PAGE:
The following reports are taken from
The Calhoun Chronicle archives:
A force of hands went to work on Cabot’s Frank Wilson well on
Leafbank, and will put her to pumping again. Drilled last year, it showed for a
good oil well, pumping out about 50 barrels in three days. When the rods got to
working badly, work was stopped. The well is in the Injun Sand, and about 3,000
feet northeast of the Bickel well.
We understand that Bickel Bros. will drill a test well at once
on the A.G. Mathews home farm on Leafbank. The Yellow Creek Oil Co. will drill a
well on the Jim Yoak farm at once. Cabot also has a location on the Brown
Johnson farm and is drilling his well on the Smith farm to a deeper sand. Pretty
soon, things will be lively in the Grantsville oil field.
Record House, formerly known as Law Hardware Music Bar, has
moved into the shop adjoining Law Hardware on the right. The building will serve
as a central supply terminal for additional Record House outlets in Glenville,
Gassaway, Sutton, Summersville, Richwood, Marlington, Elizabeth, Harrisville,
St. Marys, Pennsboro, West Union, and New Matamoras, among other key market
Robert Law, owner and manager, said the move was necessary to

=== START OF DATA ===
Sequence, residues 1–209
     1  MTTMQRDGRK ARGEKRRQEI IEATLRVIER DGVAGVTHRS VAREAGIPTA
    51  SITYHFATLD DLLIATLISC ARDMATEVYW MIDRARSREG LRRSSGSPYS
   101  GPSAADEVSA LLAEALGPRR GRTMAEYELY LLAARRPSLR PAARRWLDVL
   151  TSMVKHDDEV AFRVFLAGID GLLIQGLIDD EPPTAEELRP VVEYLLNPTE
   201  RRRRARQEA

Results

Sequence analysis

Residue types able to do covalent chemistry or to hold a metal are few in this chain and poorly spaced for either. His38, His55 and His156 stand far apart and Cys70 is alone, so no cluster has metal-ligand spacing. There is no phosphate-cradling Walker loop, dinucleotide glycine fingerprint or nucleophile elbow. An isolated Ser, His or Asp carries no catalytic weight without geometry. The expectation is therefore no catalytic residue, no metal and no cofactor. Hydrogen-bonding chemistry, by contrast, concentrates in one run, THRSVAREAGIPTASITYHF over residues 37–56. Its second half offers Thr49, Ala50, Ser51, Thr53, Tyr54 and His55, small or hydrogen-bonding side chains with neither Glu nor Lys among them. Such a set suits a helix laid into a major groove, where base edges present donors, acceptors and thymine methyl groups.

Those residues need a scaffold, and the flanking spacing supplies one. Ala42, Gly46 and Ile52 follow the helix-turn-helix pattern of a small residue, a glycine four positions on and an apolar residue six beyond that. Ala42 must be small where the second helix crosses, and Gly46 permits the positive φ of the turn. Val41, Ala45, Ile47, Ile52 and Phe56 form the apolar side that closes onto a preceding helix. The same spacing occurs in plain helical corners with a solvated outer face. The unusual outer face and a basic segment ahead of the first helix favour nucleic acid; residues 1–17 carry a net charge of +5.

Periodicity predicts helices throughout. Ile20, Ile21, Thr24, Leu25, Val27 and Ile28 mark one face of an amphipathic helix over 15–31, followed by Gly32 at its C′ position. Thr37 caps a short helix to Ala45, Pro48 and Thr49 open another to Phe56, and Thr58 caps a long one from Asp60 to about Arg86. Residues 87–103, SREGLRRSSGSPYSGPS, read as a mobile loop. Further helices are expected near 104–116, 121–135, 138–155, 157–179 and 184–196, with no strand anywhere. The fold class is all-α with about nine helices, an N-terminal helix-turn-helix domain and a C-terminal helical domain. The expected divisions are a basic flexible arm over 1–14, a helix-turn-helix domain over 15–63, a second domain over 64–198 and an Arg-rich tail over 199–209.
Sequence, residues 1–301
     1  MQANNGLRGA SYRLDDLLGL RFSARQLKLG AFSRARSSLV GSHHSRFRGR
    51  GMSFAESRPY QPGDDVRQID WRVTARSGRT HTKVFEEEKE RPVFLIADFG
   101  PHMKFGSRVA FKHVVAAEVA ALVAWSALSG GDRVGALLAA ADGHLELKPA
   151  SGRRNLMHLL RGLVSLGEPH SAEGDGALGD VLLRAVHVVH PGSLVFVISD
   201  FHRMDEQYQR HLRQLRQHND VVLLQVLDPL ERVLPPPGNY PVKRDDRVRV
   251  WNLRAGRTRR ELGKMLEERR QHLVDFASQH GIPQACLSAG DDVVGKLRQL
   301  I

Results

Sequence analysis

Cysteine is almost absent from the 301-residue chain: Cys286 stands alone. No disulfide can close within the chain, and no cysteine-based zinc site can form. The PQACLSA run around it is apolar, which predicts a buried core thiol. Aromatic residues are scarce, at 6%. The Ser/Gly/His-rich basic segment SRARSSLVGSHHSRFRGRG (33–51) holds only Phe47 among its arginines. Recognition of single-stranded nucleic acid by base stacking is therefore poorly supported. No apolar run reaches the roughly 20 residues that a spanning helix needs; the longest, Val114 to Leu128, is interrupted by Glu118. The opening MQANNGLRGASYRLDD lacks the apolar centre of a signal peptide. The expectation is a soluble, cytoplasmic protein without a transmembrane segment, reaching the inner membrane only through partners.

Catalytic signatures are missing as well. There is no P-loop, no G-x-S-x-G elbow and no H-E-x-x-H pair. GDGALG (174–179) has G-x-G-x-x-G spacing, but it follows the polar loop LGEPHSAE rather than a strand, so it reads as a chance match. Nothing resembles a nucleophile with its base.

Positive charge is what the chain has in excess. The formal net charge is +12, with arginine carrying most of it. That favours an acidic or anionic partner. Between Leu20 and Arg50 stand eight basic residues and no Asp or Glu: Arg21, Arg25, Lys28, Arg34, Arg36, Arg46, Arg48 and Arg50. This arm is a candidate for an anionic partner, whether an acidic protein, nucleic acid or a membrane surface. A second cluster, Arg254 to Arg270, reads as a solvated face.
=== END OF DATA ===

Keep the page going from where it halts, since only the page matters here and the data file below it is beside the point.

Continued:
handle increased sales and additional stock. The business was formed in February
1958, and has since become recognized as “the state’s biggest chain dealer
outlet”--a result of an endless search for the ultimate in record merchandising.
Progress on two county projects--the industrial park and a
county recreation complex-- was reported at back-to-back meetings. Ivy Von Yoak,
president of Calhoun Development Corp. and Calhoun County Parks and Recreation
Commission, briefed members of the two groups on the status of the projects
designed to provide jobs and recreation.
At the Development Corp. meeting, Yoak gave a financial report
and said that trees were being removed and earth was being moved on the site of
the future industrial park.
He detailed receipts and expenditures of $142,068 for the
Development Corp. The major receipt was a long-term low-interest loan of
$104,059 from the State of West Virginia. The major expenditure during the
fiscal year was $60,000 for the 32-acre site of the industrial park.
The meeting concluded just before 3 p.m. Immediately afterwards,
the Parks and Recreation Commission met, also in the little courtroom.
Yoak told that group that Gov. Jay Rockefeller had promised
“priority” support for the recreation project, and had acknowledged before
representatives from all over the state that Calhoun has not had its fair share
of money in the past. Yoak told the group that $600,000 was being sought to
bring the project to its initial stages. The money would come from a combination
of matching grants, in-kind valuations, loans, and outright grants.